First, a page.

Airborne IED buster may be flying soon over Afghanistan
By GEOFF ZIEZULEWICZ | STARS AND STRIPES Published: September 15, 2011
NAPLES, Italy — Marines in Afghanistan may soon be aided in thwarting homemade bombs from an ally in the sky.
The Marine Corps is in the final stages of integrating a pod onto the AV-8B Harrier II that will allow it to jam radio frequencies used by insurgents to communicate and remotely detonate improvised explosive devices.
The Intrepid Tiger II pod also is to be installed on F/A-18 Hornets and eventually on helicopters, Lt. Col. Robert Kudelko, electronic warfare requirements officer for Headquarters Marine Corps’ aviation branch, said in an email.
The Corps also has a modified pod that can fly on the RQ-7 Shadow unmanned aerial vehicle, he said.
In the air, a pilot controls the pod and can cycle through different frequency settings, depending on the mission and the needs of the ground troops being supported, Kudelko said. Ground operators will also be able to control the pod, while using signal detection and analysis equipment.
The IT II pod costs less than $600,000 per unit and will allow jets like the Harrier to potentially conduct surveillance, close air support and electronic warfare operations all in one mission, according to officials.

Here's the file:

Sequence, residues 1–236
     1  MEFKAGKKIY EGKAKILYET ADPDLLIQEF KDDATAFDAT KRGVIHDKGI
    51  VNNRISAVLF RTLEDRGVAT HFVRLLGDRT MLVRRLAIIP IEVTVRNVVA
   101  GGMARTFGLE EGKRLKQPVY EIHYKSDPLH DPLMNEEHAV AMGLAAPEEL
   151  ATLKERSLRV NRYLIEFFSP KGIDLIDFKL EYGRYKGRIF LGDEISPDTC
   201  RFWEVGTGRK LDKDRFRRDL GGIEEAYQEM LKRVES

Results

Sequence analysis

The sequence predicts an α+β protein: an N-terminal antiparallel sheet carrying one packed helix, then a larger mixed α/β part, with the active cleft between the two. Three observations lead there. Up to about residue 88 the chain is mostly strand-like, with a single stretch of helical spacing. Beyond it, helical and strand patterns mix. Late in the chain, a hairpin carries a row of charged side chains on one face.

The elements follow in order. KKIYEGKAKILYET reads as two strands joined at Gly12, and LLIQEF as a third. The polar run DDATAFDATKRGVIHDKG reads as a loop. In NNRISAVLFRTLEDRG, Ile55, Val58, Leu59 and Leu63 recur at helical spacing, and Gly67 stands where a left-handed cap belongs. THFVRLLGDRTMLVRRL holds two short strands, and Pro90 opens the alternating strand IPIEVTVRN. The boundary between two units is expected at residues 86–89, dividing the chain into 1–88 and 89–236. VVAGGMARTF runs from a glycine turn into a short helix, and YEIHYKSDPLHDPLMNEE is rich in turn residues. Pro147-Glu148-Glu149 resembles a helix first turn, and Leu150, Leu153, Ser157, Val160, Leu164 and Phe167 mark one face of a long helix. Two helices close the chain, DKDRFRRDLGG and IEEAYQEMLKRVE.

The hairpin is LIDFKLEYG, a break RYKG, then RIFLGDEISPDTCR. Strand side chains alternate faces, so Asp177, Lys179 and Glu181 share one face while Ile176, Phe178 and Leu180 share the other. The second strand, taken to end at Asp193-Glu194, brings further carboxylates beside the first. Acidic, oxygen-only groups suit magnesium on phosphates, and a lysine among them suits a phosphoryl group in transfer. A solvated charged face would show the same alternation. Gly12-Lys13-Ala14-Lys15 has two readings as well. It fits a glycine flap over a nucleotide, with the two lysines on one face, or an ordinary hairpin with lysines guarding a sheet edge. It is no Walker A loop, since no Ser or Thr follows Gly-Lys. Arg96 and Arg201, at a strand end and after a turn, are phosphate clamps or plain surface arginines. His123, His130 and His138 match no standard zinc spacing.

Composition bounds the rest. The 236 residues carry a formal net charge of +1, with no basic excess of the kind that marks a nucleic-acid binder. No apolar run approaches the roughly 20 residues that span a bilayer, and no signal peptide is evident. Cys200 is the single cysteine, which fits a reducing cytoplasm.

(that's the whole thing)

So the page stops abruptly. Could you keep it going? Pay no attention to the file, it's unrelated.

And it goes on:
Following their introduction in the worst days of the Iraq war, IEDs have emerged as insurgents’ weapon of choice in Afghanistan.
Total IED casualties in Afghanistan more than doubled from 4,124 in fiscal 2008 to 9,137 in fiscal 2010, according to the Pentagon’s Joint Improvised Explosive Device Defeat Organization.
Not all IEDs are created equal. The most basic bombs involve a pressure plate, or detonation via an insurgent pulling a command wire. The Marine Corps’ jamming pod will disrupt bombs that are detonated remotely via radio signal by devices like cell phones.
IT II builds on a previous system flown by F/A-18s in Iraq, also used to counter insurgent use of radio signals, Kudelko said. But as the insurgent tactics changed, that pod was not flexible enough to adapt.
“Intrepid Tiger II corrected these deficiencies by using commercial, off-the-shelf technologies, along with adding re-programmable software that is able to counter current (electromagnetic) targets in Afghanistan, as well as to counter future threats,” he said.
In the future, the Corps intends to expand the frequency coverage that the IT II pod can jam, as well as add a signal detection capability, Kudelko said.